Prune before Innovating
I've just had the chance to read and review Brick by Brick, about the very similar fortunes of Lego. Lego also faced financial catastrophe, aggressively pruned products that weren't performing which freed up time and focus for the products that really mattered. Pruning matters, especially when it comes to innovation.
The concept of pruning comes from agriculture. Farmers prune plants to ensure that the fruit a tree or plant bears receives as much of the plant's resources as possible. While this may mean that the plant bears less fruit, the fruit the plant does bear is top quality. There are so many lessons that many firms could take away from this agricultural practice.
Get rid of the zombies
The first need for pruning in many organizations is to eliminate the zombies, those ideas that aren't really "alive" in any sense and haven't been killed. Every organization has tens of projects and ideas that simply get passed along, year after year. They are fine ideas that no one wants to fund or resource, and no one wants to kill. These ideas and projects clog up the innovation funnel, distract from what's important and aren't going to ever be implemented. A quick, sharp pruning of these ideas and projects is essential, if to do nothing more than free up mental RAM.
Get rid of the laggards and "me-toos"
Many firms have products that are simply laggards in their respective markets, or just "me toos" that allow the firm to claim to have a product in a particular space. These products take up valuable development and design time, occupy a space with very little financial return and deliver nothing to your bottom line. Yet they are fully resourced and once developed must be supported by marketing, sales, the channel and all other assets. Your team should examine the bottom 20% of your product portfolio to identify what you should stop doing, to free up space and resources for compelling new ideas and products.
Prune the pet projects
No matter how much we'd like to think that all management is scientific, every firm has a number of pet projects sponsored by executives who want to try out a particular technology or who want to enter a particular market. The pet projects are easy to spot and hard to kill, and frequently absorb a lot of resource for very little benefit. These pet projects are undertaken with little market research or understanding of the customer base and are rarely successful after launch.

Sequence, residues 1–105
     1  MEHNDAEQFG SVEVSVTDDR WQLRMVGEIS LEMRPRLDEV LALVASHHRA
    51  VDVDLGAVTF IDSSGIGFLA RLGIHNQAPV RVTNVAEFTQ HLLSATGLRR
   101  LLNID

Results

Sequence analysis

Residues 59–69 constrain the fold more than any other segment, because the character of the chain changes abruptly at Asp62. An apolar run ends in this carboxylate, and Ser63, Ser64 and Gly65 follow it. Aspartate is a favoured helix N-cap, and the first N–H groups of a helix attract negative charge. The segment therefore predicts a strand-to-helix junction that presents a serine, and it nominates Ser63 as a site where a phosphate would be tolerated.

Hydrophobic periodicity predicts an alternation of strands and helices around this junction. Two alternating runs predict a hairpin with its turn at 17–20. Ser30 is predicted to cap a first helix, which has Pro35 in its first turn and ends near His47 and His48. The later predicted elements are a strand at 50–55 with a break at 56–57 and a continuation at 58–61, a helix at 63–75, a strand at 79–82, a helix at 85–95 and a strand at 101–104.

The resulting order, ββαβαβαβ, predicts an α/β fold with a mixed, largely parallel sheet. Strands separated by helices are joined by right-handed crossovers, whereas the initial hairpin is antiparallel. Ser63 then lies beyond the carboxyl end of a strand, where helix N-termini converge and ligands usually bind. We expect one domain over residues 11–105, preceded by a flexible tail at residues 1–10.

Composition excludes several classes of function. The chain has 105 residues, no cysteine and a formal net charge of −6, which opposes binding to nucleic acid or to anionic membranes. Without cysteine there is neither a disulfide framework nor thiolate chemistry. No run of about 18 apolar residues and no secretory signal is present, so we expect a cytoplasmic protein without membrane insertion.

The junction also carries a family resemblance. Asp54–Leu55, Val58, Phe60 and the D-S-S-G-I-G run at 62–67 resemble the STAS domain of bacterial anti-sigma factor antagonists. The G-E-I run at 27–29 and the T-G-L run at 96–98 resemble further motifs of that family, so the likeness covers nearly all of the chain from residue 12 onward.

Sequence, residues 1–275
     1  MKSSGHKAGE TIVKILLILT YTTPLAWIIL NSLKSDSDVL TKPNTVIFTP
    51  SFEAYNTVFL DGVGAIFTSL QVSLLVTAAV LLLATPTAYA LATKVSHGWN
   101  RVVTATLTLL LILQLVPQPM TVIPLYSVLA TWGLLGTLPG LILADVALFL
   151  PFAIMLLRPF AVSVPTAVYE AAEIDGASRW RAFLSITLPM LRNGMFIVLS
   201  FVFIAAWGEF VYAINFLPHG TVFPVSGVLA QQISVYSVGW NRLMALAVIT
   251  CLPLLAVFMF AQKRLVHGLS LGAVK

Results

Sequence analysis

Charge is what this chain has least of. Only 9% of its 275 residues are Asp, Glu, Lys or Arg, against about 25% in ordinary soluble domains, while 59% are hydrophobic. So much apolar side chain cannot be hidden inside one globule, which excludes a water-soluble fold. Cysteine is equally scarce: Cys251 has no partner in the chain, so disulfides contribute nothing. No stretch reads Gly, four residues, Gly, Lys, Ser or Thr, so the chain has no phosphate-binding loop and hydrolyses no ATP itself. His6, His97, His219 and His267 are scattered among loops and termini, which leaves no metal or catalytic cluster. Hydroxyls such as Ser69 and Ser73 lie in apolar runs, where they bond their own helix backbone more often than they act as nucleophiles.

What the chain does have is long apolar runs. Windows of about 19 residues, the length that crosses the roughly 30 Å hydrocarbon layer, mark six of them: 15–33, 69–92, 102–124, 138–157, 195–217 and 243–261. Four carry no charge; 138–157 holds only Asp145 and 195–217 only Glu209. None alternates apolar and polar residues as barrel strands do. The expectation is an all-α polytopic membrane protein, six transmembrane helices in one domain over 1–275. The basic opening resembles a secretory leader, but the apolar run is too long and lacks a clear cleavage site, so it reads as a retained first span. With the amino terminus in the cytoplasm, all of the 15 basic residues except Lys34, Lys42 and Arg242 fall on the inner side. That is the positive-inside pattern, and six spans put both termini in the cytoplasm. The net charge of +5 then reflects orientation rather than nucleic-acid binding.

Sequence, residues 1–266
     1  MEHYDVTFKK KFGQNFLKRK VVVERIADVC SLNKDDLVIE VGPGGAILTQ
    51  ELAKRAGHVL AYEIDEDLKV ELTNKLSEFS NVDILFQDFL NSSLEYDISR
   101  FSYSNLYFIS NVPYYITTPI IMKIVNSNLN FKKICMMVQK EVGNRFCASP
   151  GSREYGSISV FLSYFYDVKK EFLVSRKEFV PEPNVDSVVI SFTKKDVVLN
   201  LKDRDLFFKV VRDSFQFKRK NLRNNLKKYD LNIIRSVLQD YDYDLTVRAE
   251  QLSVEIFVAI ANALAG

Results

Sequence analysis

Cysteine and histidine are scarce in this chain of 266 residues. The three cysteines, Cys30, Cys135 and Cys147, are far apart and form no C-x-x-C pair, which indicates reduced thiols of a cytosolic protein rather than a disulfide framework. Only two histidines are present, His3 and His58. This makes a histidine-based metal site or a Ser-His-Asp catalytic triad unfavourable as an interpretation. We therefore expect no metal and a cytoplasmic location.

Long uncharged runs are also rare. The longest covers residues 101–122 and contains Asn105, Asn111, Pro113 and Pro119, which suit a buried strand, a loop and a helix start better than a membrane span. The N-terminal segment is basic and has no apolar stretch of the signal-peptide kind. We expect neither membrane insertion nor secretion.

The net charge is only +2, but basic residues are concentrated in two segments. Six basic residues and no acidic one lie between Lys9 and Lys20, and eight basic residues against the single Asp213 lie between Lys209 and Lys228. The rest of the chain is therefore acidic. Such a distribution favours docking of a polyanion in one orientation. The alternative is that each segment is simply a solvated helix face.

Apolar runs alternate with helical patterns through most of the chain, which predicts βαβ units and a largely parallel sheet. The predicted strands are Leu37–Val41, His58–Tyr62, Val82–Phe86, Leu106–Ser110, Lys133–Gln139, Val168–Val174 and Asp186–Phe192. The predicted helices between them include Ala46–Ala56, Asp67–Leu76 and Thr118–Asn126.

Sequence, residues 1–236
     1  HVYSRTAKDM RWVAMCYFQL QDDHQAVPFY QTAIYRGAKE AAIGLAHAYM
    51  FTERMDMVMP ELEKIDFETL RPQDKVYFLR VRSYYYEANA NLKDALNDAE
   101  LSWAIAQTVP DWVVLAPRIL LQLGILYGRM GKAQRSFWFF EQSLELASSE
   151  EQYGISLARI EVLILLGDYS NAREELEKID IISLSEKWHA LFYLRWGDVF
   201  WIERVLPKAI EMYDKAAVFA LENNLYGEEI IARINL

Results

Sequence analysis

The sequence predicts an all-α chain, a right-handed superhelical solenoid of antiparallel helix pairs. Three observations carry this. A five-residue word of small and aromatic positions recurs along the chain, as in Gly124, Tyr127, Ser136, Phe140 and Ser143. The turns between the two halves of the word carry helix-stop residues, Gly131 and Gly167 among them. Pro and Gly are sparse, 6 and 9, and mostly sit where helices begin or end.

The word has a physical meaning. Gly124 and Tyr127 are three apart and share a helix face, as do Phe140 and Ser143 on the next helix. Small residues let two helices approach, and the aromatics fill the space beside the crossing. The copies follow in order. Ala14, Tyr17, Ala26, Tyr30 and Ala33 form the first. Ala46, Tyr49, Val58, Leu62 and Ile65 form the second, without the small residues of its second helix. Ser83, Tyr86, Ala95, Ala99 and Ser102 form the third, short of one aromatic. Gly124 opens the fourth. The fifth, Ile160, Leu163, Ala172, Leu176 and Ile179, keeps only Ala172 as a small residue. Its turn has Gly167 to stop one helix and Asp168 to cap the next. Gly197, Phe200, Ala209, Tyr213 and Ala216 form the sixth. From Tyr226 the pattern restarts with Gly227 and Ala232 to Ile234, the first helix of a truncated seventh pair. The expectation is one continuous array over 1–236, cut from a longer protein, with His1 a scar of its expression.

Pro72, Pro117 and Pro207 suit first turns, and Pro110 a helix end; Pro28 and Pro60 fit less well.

Many clients ask us to help them accelerate their idea generation, speeding up the process and improving the ideas. We are happy to do that and I think have been very successful. But what we tell our clients is this: putting a 350 V-8 in a Model T is worse that useless. If we speed up the idea engine but lack resources to convert ideas into products and services, we frustrate everyone. The idea generators are frustrated because they see good ideas go to waste. Development personnel are frustrated because they are asked to make impossible tradeoffs and have years of backlogged work on products that often aren't interesting or compelling.
Before you radically improve your idea generation and innovation capabilities, or at least in parallel to that work, focus on your product portfolio and resource allocations in the development team. It is rare to find an organization that can't cut existing projects and even existing products to free up development time and resources to work on new and interesting concepts. Apple and Lego did the vicious pruning because they were forced to do so. The alternative was bankruptcy. You and your teams probably don't face the same burning platform, but you have the same internal issues. It's worse than useless to speed up good ideas when the development team has no bandwidth. Taking a knife to your portfolio of proposed projects and laggard products is a very valuable step in the task of becoming more innovative.